Home > Disability Rights, Special Needs Childcare > We Need to Talk About Appropriate Language

We Need to Talk About Appropriate Language

This paragraph was originally at the end of the post, but I think I should start with it instead. The purpose of this essay isn’t to “dump on” ABA people, teachers, or anyone else who has a disabled child in their lives. I’ve made dozens of mistakes I know about, and even more that I don’t, and I suspect I will continue to make mistakes. That’s why I want to remind you all to think critically about what you do and say and how you do and say it. Think about the words you use and the messages you give without words. Try to imagine the perspective of your students or clients or children, and if you can’t imagine it, read more stuff written by adults with disabilities.

***

It was a minor thing that got me thinking about language. I was watching a middle-school level nutrition lesson for a profoundly autistic boy, and overall it was a good lesson. But it contained the following line: “I am lactose intolerant, so I should stay away from dairy.” Although I  understand figures of speech very easily, I also often notice when the logical meaning of words is not the same as the intended meaning. So I thought, “No, he doesn’t need to ‘stay away from’ dairy, he needs to not eat it.”  There’s a difference. This isn’t a food he has a contact allergy to; it’s just something that will upset his digestion.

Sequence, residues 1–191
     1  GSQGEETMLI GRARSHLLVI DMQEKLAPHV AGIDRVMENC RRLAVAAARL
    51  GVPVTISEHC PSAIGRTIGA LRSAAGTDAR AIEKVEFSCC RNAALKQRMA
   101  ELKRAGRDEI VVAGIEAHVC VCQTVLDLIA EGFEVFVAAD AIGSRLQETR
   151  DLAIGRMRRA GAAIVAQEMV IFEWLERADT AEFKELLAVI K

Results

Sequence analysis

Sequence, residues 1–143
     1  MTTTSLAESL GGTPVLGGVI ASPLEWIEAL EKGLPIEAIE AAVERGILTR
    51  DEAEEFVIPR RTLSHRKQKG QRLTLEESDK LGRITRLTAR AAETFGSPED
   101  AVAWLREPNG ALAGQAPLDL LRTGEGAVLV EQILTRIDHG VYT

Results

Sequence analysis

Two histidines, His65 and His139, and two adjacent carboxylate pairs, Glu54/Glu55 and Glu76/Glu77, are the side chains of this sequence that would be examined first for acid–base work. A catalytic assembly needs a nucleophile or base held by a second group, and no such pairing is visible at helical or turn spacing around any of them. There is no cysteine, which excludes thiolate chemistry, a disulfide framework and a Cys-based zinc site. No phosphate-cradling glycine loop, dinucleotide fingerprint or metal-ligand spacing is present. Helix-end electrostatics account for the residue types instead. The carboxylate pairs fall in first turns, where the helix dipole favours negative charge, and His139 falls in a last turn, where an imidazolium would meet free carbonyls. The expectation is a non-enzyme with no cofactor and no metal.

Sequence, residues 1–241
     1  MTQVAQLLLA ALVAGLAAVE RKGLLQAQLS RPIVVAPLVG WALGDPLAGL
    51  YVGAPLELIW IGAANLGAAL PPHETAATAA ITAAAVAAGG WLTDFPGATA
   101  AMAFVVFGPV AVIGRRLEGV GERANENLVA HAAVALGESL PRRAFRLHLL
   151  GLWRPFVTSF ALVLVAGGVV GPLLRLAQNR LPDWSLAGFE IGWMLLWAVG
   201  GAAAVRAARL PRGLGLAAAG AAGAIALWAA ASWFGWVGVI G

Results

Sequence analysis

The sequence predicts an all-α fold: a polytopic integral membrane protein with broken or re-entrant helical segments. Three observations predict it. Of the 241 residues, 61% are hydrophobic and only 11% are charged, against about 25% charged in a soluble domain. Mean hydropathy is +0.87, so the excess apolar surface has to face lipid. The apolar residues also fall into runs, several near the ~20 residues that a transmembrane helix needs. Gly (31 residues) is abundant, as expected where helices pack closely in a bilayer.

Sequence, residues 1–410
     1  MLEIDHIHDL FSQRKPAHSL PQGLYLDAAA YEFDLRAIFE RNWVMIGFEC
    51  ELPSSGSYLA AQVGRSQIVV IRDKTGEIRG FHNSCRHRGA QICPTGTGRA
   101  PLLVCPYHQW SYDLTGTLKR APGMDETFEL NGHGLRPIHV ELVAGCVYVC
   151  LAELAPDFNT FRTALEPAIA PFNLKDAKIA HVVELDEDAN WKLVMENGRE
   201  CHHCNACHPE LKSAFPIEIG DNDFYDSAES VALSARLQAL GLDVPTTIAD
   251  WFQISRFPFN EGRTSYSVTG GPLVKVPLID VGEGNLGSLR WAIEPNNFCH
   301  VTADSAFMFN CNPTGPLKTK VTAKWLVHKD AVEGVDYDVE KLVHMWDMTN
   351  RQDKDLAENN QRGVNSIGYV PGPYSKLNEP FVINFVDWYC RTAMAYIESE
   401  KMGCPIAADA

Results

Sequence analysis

I’m sure this strikes most people as a ridiculously small thing to fuss over. But so often, even non-autistic children misunderstand what adults tell them. Most of us can remember being unreasonably afraid of something– or hoping for something impossible — because an adult said something we misinterpreted, took too literally, or didn’t realize was a joke. Sometimes we hold these misconceptions for years. For an autistic child, who tends to take language very literally, this probably happens far more often. Even the phrase I just used — to “take language” a certain way — can be confusing, as it uses the verb “take” in a sense that only exists in idioms (I am indebted to Judy Endow’s book “Make Lemonade” for this particular example, although in her case she was confused by the phrase “take care”). Often, the context corrects the confusion, and academic misunderstandings are rarely critical. But when a child is learning about their own healthcare, the language must be as accurate and precise as possible.

***

I’m also not sure how I feel about lessons given in the first person. When a client or student reads a social story designed to give instructions, it makes sense to think this way, as in: “I will put on my shoes before going outside,” or “When I have a question for the teacher, I raise my hand and wait until the teacher says my name.” Non-autistic people also use these kind of internal instructions. Examples include internal “pep talks,” meditation mantras, and self-reminders during a busy day (e.g. reciting “I have to go to the bank and then buy cat food”).

But it often feels weird to me when teachers or therapists write and read these sorts of instructions. Perhaps some of my objection comes from the fact that these writings often make statements about the client/student’s feelings or thoughts in a way that an outside observer cannot possibly know. Or they try to tell the student/client how to feel.

I ran into trouble with this recently. A preteen client was having difficulty waiting in line for the slide at the playground. If other children were ahead of him, he would often shove them roughly aside, and then had to be removed from the situation. Having witnessed this several times, I developed some thoughts about why this particular circumstance was so hard for him.